# work

**RETURN AND RISK RELATIONSHIP: CAPITAL ASSET PRICING MODEL**

The CFO of Baldwin Corporation, Gregg Williams has decided to invest some money in the financial market to diversify the risks of business operations and increase the rate of return. He has been reading corporate finance books and journal articles to enhance his knowledge of risk/return relationships, capital asset pricing model (CAPM), cost of capital, and valuation.

On the risk/return relationship, Gregg has learned that there is a *positive* relationship between risk and return. This implies that the higher the risk, the greater the expected return on investment. This relationship is clearly explained by the **capital asset pricing model** in this equation:

*RE* = *R*F + *β* x (*R*M – RF)

where *RE = *expected return of the security, *R*F = the risk-free rate, *β* = Beta of the security, *R*M = the expected return on the market, and (*R*M – RF) represents the difference between the expected return on the market and the risk-free rate.

According to the CAPM, the expected return of any security depends on its risk measured by its beta. Gregg found out that the **beta **is a measure of the risk of security arising from exposure to general economic and market movements i.e.** systematic risk** as opposed to business-specific risks or factors (i.e. **unsystematic risk**). The higher the beta, the greater the systematic risk and vice versa. The market portfolio of all investable assets has a beta of 1. Gregg learned that If β = 0, then the asset has no risk of financial loss. Therefore, the expected return of the security should be equal to the risk-free rate. If β = 1, that asset has the same risk as the market and the expected return should equal the expected return on the market such as the S&P 500 market index. To Gregg, this makes sense because the beta of the market portfolio is exactly 1. However, if a security’s β = 2, then that security is twice riskier than the market and the expected return should be higher than the return of the market portfolio.

Gregg understands that the risk-free rate used in the CAPM is the government-issued treasury bill rate. Since the **treasury bill** has no risk, any other investment having some risk will have to have a higher rate of return than the risk-free rate in order to induce an investor to invest in that security. Gregg is considering the stock of **Adobe Inc.** and **Exxon Mobil.** Adobe Inc. has a beta of 1.5 and Exxon Mobil has a beta of 0.8. The risk-free rate is 3%, and the difference between the expected return on the market and the risk-free is 8.0%.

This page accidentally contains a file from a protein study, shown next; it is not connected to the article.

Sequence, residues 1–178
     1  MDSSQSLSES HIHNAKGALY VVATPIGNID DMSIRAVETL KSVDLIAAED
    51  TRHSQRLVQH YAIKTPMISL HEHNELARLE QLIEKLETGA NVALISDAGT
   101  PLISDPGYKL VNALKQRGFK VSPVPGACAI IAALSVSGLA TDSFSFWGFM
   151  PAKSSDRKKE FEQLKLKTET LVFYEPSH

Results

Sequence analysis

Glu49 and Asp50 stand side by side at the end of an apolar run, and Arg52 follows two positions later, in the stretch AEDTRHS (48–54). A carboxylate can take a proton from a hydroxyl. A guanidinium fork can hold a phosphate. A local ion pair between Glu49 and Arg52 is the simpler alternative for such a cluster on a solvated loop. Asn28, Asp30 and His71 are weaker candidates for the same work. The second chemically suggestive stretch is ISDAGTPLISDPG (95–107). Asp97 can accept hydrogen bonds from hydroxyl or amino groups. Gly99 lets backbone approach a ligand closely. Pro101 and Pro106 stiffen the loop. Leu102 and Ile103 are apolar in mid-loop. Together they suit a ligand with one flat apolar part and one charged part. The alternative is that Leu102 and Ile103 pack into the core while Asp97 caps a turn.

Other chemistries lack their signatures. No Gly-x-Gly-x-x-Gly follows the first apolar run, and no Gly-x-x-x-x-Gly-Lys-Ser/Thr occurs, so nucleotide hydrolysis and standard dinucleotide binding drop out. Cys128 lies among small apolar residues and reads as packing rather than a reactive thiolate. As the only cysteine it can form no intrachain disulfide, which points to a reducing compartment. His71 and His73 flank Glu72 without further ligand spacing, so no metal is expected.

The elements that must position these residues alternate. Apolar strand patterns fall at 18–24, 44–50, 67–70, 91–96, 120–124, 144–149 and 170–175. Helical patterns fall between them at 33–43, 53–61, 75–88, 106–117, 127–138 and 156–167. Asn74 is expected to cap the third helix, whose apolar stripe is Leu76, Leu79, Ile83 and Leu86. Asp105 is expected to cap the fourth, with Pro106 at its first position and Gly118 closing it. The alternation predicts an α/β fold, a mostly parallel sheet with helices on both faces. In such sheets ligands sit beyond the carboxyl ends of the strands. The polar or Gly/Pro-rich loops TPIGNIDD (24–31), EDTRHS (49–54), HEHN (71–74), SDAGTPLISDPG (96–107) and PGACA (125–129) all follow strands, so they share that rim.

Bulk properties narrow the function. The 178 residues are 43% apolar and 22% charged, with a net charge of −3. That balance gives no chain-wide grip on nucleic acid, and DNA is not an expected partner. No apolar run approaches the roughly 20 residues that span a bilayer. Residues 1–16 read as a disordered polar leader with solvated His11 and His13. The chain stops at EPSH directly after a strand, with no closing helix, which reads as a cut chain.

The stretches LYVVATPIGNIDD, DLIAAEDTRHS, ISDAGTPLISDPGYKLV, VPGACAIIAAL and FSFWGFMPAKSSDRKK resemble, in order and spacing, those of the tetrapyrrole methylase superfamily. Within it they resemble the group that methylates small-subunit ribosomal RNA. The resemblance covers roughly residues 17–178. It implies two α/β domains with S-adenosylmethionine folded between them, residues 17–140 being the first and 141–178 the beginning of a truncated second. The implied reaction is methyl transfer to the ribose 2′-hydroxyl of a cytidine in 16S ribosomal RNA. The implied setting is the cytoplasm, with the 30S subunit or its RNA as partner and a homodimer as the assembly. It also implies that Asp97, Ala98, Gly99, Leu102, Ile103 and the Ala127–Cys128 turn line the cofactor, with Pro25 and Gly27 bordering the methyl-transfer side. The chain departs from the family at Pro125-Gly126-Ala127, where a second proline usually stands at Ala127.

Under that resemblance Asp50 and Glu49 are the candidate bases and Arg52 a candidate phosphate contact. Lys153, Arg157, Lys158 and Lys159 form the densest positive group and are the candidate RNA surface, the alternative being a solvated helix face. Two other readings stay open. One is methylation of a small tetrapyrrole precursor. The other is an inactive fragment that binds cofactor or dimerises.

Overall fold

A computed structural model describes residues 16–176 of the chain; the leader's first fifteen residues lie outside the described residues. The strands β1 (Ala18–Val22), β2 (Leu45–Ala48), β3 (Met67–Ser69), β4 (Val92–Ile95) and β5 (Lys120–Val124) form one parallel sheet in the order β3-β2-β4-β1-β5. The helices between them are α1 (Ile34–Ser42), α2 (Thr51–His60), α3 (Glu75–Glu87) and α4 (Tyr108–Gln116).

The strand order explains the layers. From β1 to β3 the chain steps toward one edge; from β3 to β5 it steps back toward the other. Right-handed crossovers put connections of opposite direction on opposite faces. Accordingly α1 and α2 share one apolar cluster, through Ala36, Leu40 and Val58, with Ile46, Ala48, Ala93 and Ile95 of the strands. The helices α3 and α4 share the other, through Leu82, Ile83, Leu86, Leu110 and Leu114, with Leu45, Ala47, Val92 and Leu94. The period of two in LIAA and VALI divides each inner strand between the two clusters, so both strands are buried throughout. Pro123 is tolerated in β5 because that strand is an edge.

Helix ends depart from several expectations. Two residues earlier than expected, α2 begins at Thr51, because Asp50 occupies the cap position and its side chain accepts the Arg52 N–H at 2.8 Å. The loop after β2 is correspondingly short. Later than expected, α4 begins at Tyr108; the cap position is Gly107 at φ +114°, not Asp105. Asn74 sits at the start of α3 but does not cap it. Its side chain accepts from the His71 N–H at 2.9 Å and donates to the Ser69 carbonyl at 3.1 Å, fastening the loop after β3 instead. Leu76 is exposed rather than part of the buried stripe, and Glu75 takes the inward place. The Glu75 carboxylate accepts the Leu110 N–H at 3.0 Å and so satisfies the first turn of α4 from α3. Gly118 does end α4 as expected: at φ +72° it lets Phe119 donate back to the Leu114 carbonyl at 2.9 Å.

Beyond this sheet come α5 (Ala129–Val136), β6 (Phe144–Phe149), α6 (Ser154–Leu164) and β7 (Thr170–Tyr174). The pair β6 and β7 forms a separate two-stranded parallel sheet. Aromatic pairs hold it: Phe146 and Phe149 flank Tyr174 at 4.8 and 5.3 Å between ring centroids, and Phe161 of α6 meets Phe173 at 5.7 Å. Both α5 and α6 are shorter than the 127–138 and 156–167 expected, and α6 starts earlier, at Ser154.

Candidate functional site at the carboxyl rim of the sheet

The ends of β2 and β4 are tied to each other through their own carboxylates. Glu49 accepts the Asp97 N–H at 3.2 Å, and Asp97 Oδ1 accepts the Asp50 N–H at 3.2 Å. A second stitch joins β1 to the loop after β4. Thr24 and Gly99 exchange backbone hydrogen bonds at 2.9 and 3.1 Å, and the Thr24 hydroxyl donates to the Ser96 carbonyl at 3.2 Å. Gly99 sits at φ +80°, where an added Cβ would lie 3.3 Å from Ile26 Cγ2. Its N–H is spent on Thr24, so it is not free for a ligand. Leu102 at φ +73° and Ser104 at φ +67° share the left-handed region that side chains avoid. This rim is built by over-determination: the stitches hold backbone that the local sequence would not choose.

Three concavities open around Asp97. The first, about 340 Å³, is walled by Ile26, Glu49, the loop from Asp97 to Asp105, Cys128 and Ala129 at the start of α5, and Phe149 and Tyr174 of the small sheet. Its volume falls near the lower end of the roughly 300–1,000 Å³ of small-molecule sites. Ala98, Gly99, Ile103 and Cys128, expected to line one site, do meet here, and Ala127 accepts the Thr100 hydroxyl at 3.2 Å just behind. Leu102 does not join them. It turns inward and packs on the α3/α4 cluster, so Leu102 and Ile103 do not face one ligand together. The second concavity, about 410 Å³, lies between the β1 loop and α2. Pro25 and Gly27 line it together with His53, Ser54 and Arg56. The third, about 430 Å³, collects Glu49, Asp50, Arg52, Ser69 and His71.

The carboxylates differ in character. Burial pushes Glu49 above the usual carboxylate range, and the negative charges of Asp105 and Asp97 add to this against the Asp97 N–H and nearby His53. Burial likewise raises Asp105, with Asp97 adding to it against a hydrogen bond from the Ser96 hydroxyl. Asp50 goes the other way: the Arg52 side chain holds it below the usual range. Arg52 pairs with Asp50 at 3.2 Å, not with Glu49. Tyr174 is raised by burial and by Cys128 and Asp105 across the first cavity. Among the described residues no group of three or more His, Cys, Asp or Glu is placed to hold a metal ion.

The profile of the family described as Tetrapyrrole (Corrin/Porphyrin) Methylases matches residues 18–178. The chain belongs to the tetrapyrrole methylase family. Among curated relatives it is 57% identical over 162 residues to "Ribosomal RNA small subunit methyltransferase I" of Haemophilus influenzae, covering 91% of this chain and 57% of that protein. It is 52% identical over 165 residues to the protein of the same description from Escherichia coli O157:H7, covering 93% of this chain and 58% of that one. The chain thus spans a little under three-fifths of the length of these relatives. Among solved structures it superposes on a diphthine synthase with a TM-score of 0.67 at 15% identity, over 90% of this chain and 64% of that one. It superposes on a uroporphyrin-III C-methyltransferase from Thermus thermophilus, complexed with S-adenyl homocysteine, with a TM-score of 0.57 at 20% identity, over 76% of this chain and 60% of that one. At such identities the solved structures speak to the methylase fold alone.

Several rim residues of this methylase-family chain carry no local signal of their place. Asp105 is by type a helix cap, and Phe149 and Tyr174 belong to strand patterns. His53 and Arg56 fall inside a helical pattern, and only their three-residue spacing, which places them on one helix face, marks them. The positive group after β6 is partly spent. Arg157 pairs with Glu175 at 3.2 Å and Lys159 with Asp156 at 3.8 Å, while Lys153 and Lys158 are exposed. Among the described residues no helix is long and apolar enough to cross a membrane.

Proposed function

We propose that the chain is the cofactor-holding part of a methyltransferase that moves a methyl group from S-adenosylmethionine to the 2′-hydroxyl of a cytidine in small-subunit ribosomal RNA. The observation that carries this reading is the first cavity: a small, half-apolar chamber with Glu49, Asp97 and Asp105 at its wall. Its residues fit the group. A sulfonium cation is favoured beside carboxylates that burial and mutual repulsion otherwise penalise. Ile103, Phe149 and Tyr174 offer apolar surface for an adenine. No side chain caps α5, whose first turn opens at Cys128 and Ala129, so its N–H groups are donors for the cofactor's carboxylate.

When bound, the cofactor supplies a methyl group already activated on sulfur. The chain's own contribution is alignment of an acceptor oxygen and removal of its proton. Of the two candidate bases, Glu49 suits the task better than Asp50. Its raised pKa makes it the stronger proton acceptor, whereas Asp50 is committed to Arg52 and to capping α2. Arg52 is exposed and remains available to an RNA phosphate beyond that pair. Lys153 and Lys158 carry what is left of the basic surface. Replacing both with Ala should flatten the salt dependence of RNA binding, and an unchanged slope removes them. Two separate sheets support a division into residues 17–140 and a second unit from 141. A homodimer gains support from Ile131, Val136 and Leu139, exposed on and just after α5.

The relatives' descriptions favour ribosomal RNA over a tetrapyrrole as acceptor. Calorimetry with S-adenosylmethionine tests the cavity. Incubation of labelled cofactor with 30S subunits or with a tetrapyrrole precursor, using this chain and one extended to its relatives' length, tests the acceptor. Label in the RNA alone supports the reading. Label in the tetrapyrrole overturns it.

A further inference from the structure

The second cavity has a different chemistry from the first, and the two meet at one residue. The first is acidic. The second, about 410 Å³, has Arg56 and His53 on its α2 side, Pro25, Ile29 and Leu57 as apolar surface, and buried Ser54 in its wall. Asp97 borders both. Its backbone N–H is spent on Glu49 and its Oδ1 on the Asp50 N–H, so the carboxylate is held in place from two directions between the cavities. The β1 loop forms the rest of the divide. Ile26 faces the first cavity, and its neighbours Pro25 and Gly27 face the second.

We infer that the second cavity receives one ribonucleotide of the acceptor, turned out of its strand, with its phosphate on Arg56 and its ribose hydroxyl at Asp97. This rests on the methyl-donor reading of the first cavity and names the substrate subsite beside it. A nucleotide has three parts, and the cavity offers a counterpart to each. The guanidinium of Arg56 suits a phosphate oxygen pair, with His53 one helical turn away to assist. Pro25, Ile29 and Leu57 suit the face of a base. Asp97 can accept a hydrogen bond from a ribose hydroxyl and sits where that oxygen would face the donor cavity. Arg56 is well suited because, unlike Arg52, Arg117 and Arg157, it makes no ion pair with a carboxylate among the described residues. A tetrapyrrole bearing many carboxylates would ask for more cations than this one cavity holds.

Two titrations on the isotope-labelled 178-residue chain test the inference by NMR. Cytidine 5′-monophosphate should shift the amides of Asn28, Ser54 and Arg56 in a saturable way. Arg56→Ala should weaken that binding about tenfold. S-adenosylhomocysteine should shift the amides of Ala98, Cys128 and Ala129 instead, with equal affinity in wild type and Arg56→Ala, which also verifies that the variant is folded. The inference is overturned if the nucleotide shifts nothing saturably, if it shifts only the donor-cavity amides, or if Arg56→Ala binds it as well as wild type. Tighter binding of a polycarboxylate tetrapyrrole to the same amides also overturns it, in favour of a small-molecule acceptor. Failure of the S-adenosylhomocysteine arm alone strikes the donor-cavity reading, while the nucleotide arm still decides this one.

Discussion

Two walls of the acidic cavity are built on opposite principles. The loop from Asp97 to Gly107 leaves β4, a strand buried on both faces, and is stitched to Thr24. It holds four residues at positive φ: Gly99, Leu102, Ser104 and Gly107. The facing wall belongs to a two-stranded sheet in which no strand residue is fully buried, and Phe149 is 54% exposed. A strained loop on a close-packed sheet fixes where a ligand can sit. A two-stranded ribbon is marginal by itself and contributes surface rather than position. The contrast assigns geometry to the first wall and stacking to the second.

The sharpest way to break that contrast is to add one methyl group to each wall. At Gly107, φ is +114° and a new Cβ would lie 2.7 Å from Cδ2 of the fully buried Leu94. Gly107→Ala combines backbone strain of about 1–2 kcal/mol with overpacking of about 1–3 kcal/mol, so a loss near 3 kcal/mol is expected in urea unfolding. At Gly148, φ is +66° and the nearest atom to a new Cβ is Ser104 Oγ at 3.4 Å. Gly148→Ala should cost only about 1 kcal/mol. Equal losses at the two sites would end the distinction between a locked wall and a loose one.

Baldwin Inc. is retaining you as the financial consultant to work with Gregg to analyze these investment options.

1. Using the *capital asset pricing model,* calculate the expected return for Adobe Inc. and Exxon Mobil stocks.

2. You want to calculate the average return of Adobe Inc. to see how the stock has performed over the past five years:

Exhibit 1: Historical Returns of Adobe Inc.

(((Please Check Attachment))

a. Using the historical returns above, what is the **average return** for Adobe Inc. stock?

3. You notice that stock returns fluctuate daily in the financial market making it risky to invest in. You want to use **standard deviation, σ **to assess the volatility of Adobe Inc. stock if mean return is 15.20% and standard deviation is 12%. What is the possible return of this stock one standard deviation from the mean if the return is normally distributed? (Note: expected return = mean return ± 1σ).

4. You want to use** the total market return approach** to estimate the rate of return on another stock which Gregg wants to consider for the investment portfolio. The stock is selling for $25 and pays a dividend of $2 per share during the year. You think that because of the profitable capital investment that the company is undertaken, its stock price will appreciate to $28 by the end of next year.

a. Calculate the *dividend yield* and the percentage *capital gain* of this stock.

b. What is the expected total return of this stock?

5. You are looking at sources of risk for the investment portfolio and came across **systematic risk** and **unsystematic risk** in a financial journal. The systematic risk is defined as any risk that affects the whole economy or a large number of assets to a greater or lesser degree. And the unsystematic risk is a risk that affects specific assets or small groups of assets.

a. List two examples each of **systematic risk and unsystematic risk.**

6. Gregg wants you to estimate the **weighted average cost of capital **(WACC) for Verizon LLC. The IRR computed on a capital project for Verizon is 12%. Gregg wants to see if it will be a good investment. He thinks that if IRR > WACC then it will be a good investment to consider. The market values for Verizon’s debt and equity are $40 million and $60 million respectively. The total value of the firm is $100 million, implying that the weight of debt is 40% ($40 million /$100 million) whereas the weight of equity is 60% ($60 million /$100 million). Assume a tax rate of 35% for Verizon.

a. Estimate WACC for Verizon if the cost of equity is 13.32% and cost of debt is 5%. (note: WACC = cost of debt (1 – tax rate) (weight Debt) + cost of equity (weight Equity).

**10 %**discount on an order above

**$ 100**

Use the following coupon code :

WIZARDS35